The real estate industry seems to want to avoid judgments and ratings of any and all kinds. It may be for good reason, or it may be for fear. The reality is that agents resist ratings for fear and reason. Most people react to change with emotion and justify that emotion with logic.
According to the source of all knowledge, Wikipedia, fear is an emotion induced by a perceived threat that causes entities to quickly pull far away from it and usually hide. It is a basic survival mechanism occurring in response to a specific stimulus, such as pain or the threat of danger. In short, fear is the ability to recognize danger leading to an urge to confront it or flee from it (also known as the fight-or-flight response) but in extreme cases of fear, a freeze or paralysis response is possible.
As we break down the definition of fear, there are a number of keywords like “perceived,” “pull back,” “hide,” “basic survival,” “threat stimulus,” “fight-or flight response,” and “paralysis.” These are all very deeply rooted primary drivers of the human condition. It will take a revolution to overcome this fear, and I think the groundswell of that revolution may have already begun.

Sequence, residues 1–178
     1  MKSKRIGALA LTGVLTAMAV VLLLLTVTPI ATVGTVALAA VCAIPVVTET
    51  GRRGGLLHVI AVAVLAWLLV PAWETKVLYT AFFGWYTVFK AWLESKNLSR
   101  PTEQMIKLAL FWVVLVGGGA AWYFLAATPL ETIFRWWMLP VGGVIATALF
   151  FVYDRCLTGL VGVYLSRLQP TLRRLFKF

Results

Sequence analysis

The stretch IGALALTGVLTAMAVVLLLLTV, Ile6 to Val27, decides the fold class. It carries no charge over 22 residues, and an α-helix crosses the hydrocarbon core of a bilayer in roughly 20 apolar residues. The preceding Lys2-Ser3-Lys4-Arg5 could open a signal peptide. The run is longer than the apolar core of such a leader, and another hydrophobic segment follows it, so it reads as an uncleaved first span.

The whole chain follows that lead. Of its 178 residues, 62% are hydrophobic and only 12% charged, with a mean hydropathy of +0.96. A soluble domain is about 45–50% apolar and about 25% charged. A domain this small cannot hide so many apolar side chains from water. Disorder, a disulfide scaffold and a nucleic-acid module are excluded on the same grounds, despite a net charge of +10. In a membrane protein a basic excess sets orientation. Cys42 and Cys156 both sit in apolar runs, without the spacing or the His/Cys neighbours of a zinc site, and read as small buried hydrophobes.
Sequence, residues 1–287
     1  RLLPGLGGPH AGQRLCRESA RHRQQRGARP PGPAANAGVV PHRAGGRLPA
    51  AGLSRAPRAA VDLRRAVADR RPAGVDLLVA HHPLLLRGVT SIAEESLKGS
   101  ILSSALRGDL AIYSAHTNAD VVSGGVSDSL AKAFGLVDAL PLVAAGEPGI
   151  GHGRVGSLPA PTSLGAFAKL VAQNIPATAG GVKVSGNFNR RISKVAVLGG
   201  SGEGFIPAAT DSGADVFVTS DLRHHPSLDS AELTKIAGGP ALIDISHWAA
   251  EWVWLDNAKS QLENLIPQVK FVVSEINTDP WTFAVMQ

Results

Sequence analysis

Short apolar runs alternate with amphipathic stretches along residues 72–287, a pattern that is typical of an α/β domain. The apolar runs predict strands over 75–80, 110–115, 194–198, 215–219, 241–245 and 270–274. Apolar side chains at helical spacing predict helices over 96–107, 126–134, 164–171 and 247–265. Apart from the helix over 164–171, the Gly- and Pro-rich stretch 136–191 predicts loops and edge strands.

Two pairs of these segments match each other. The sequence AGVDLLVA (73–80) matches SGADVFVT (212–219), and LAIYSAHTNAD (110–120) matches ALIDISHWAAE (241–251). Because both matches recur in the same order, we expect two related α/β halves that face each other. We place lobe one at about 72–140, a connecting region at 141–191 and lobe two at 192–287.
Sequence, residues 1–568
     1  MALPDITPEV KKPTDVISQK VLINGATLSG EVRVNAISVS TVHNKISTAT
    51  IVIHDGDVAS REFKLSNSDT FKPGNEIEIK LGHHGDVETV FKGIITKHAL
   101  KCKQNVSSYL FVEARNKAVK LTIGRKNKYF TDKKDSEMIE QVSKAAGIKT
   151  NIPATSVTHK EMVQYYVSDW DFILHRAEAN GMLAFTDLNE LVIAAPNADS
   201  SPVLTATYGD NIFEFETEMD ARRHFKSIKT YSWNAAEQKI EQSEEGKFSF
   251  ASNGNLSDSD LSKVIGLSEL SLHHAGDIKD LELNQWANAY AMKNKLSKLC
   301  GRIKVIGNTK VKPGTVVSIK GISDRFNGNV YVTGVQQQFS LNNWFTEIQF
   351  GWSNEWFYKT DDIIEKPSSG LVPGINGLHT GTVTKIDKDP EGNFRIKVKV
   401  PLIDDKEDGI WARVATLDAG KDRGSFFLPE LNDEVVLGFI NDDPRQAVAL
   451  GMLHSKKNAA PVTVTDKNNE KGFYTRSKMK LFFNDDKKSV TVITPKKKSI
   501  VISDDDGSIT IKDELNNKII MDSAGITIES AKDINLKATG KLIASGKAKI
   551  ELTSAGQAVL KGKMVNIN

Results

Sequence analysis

Yelp, Zillow, California Association of REALTORS®, National Association of REALTORS®, countless technology firms, and countless MLSs have all dabbled in agent ratings. To be clear, consumers of real estate services demand ratings as part of their selection process. Real estate agents are fearful of the ratings because they may or may not be true depictions of the expected services delivered by an agent. Like it or not, agents will be rated. The real question for our industry is who will you trust to rate you? Who will consumers trust?
Back to Wikipedia, Trust is when one party (trustor) is willing to rely on the actions of another party (trustee). The trustor (voluntarily or forcedly) abandons control over the actions performed by the trustee. As a consequence, the trustor is uncertain about the outcome… but develops expectations. The uncertainty involves the risk of failure or harm to the trustor if the trustee will not behave as desired.
Who should agents Trust?